As it turns out my neighbor works nights and liked having the light on when he got home at midnight. I said I was usually up late and if he'd flip the switch when he got home, I'd be much appreciative. I make it a point to thank him when I have guests over. I do live in the country so I'm sure norms are different. We're also both house owners, so in your situation you might want to also discuss this with the landlord [i.e. it will be a different discussion depending on whether the tenant did these installs themselves or whether the landlord did it all either at the request of hte tenant or no]

In short - try the friendly "Hey let's try to work out this difference of opinion in a way that works for both of us!" way first and if that doesn't work try to back up somewhat and see what the next steps might be.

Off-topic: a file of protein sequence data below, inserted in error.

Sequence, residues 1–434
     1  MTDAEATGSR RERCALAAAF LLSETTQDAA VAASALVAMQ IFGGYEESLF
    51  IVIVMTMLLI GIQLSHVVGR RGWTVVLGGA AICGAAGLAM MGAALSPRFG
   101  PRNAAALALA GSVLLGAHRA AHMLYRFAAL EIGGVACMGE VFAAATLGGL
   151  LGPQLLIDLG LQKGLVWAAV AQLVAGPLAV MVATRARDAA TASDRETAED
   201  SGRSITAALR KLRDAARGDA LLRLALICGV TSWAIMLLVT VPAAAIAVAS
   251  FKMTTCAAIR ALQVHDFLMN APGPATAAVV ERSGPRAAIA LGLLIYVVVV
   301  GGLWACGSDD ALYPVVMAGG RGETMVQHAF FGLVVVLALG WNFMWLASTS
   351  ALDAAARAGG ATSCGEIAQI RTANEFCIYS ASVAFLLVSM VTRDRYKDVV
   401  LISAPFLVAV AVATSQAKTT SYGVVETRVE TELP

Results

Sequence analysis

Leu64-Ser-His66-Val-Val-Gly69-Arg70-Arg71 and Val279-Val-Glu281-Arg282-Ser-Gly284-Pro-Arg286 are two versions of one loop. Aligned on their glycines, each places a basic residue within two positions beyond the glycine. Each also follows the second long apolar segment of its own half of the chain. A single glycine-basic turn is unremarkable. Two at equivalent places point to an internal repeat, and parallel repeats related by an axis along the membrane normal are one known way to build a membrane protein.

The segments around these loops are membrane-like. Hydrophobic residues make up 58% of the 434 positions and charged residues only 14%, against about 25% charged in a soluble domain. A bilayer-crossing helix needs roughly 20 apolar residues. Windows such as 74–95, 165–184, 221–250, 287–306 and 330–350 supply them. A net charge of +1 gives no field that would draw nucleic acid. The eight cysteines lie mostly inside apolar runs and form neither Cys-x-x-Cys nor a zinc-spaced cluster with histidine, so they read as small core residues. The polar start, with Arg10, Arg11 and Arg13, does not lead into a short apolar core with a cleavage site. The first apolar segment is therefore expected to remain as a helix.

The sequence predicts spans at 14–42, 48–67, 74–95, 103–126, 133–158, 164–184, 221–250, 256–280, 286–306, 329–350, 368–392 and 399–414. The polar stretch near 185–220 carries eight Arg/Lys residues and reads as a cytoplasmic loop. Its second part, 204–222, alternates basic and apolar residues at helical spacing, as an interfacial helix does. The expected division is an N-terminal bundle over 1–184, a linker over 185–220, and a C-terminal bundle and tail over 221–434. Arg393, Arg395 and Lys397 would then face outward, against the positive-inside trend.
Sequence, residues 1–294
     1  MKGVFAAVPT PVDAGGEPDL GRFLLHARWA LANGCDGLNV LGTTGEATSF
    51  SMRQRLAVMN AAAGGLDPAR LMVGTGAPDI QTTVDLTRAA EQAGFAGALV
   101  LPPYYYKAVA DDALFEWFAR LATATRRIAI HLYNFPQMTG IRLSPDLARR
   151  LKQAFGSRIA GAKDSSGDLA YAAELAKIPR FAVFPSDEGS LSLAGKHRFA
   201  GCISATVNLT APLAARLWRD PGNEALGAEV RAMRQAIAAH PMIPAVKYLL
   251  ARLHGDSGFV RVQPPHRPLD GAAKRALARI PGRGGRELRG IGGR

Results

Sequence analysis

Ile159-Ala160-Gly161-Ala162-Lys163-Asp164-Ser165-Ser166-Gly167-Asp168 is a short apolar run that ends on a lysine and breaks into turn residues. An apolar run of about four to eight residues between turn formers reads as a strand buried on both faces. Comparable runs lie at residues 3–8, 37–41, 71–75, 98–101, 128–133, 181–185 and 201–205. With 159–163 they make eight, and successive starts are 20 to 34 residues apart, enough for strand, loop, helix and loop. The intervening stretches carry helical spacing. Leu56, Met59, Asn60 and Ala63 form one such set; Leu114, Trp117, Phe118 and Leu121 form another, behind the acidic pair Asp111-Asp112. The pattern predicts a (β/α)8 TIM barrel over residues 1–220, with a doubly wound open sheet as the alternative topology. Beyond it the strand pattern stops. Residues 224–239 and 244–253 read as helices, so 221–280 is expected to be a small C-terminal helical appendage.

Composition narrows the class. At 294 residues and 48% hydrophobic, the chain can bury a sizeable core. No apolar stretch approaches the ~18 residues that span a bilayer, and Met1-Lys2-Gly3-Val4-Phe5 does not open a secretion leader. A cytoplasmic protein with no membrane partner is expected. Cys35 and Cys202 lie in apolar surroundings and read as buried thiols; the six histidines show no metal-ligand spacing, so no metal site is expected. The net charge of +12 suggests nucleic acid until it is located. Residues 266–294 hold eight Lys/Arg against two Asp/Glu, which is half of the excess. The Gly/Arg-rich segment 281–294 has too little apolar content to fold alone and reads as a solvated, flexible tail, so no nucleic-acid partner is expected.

posted by jessamyn at 9:20 AM on October 24, 2007 [1 favorite]

Um, is there a reason why darker shades won't work? Relatively little fuss/muss, and no need to potentially antagonize anyone.

...I mean, that's what I did when the city put up a freakishly bright light. Cost me all of $20, which is way less than the amount of time it would take to convince anyone to put a blocking shade on that lamp.
posted by aramaic at 9:40 AM on October 24, 2007

Real private renters with high fences and an always-on security light? If you were in Vancouver I'd suggest your neighbours were growing pot. Make sure to be friendly when you go over...and don't look inside!
posted by reformedjerk at 9:47 AM on October 24, 2007

A "really private person" may not be aware of the impact he/she has on others. My guess is that after you politely point out that the light bothers you, you'll get "OhmigoshI'msosorryIdidn'trealize" and it will be over. If not, talk to the landlord.